THE local arts community is standing defiant in the face of the government, saying they have no plans to allow the National Cultural Centre (NCC) to be relocated.
Following up from the first one that was held earlier last month, a second meeting was hosted last Wednesday evening at the Cultural Development Foundation (CDF) to piece together the developments and updates from the last meeting.
In what proved to be a passionate exchange of suggestions, a group of about 50 people, including the five-member committee that was formed at the first meeting, sat down to discuss the way forward.
Retired Events Officer of the CDF, George “Fish” Alphonse, said it was a collective effort to engage the arts community across the board to hear what they thought about the proposed relocation of the National Cultural Centre.
Alphonse said it was not his struggle alone but for all St. Lucian artists and, as such, he is rallying the troops to fight the battle together instead of taking on the battle on his own.
“We personally believe the way forward is not taking the artists out from up here and sending them somewhere else. We already have a home; we were not searching for a home. All we wanted was a new cultural centre. That’s what we have always wanted right on this venue here.”
He continued: “Being told that we have to pack up and leave, we felt that this was an injustice.”
The current situation indicates that the NCC, which was originally a temporary shelter, will be relocated to another temporary shelter at a different location and be replaced temporarily by a courthouse. This, Alphonse said, was outrageous.
He said: “It’s troubling and frightening. All of those costs should be going towards a permanent structure. You cannot be taking out a cultural centre from its temporary location, putting it in another temporary location, and asking the artists to wait.”
He said artists are constantly being told by the government that a new cultural centre would be built. However, he said the arts community cannot wait another 30-40 years before the government keeps its word. “We cannot wait that long,” he said.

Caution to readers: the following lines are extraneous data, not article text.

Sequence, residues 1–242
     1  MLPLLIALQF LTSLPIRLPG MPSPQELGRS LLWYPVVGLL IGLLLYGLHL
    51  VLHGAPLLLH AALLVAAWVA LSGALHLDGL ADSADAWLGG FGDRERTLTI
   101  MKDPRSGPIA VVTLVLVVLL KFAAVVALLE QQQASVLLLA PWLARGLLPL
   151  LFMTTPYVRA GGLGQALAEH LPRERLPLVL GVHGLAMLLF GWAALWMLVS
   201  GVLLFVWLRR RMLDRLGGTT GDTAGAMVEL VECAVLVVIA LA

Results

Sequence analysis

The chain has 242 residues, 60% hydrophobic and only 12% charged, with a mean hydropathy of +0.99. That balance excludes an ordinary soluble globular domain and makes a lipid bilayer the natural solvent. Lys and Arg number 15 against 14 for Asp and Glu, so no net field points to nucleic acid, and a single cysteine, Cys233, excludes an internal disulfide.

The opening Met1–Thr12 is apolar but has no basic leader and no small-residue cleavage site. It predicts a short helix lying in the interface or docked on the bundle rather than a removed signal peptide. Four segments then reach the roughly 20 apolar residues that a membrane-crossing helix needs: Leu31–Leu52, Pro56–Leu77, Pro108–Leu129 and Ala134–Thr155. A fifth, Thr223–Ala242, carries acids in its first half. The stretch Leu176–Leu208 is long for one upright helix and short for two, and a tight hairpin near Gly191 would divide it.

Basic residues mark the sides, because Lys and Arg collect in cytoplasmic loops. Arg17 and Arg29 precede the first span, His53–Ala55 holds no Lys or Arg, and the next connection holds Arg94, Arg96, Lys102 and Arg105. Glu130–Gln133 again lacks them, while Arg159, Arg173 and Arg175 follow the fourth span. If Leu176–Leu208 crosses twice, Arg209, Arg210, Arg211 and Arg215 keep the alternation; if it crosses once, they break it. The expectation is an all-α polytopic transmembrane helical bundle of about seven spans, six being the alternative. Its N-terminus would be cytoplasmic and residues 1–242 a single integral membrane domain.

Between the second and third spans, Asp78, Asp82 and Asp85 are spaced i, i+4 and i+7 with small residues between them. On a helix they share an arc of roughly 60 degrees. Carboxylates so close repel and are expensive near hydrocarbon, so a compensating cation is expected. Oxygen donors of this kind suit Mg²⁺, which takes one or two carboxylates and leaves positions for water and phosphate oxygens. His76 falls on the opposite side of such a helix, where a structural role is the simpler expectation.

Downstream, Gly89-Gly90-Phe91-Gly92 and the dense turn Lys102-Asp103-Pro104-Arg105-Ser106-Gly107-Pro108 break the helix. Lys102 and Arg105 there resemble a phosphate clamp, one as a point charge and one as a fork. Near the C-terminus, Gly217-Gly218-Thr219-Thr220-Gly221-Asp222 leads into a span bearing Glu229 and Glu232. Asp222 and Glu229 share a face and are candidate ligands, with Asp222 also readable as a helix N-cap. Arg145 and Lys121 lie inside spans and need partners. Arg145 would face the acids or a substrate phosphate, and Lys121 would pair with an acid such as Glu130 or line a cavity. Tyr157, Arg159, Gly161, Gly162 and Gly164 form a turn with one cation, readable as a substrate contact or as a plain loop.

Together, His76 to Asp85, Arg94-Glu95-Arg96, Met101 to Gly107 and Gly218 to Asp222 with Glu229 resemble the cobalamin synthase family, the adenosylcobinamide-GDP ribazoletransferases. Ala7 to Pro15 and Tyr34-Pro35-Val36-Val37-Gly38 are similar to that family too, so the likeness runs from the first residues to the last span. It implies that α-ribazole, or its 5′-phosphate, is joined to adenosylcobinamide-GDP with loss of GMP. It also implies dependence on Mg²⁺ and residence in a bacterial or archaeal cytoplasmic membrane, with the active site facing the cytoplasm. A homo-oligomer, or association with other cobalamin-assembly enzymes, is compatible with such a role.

During the meeting, one committee member gave an example of effective petitioning, where he got one media establishment to apologise for a compromising report, simply by showing them the numbers of support gathered from a petition. He said those who signed the petition were willing to publicly boycott the clients and sponsors of the media house if they failed to comply with the demands.
The committee member stated that there are ways in which the government can be convinced to back down from their plans — if people came together collectively to show them who really are in charge.
He said: “There are certain areas that we can go to and it can hurt the seat of the Prime Minister. So we have to devise ways of doing that. We can apply pressure where it will hurt. Petitions are very effective.”
The group came to the unanimous decision to get a legal team together and put them to work as soon as the next day to get as much legal advice and documentation together so that they could get the ball rolling on putting a stop to the planned relocation action.
It was also agreed that once this was done, the select committee would request a sitting with both the CDF executive as well as members of the Government to come to some form of common ground.
The committee revealed that they have made plans to make their plight heard and to rally support from upcoming national events.
They said the government was not wasting any time and is moving quickly, so they must in turn move even quicker, and that they know just how to do that.
Towards the end of the meeting, the hashtag #IamArt was created and was established as the movement’s signature to spread awareness and to gather as much support as possible.
This hashtag, they said, will hopefully be used on all social media sites and get young and old to join in on the action.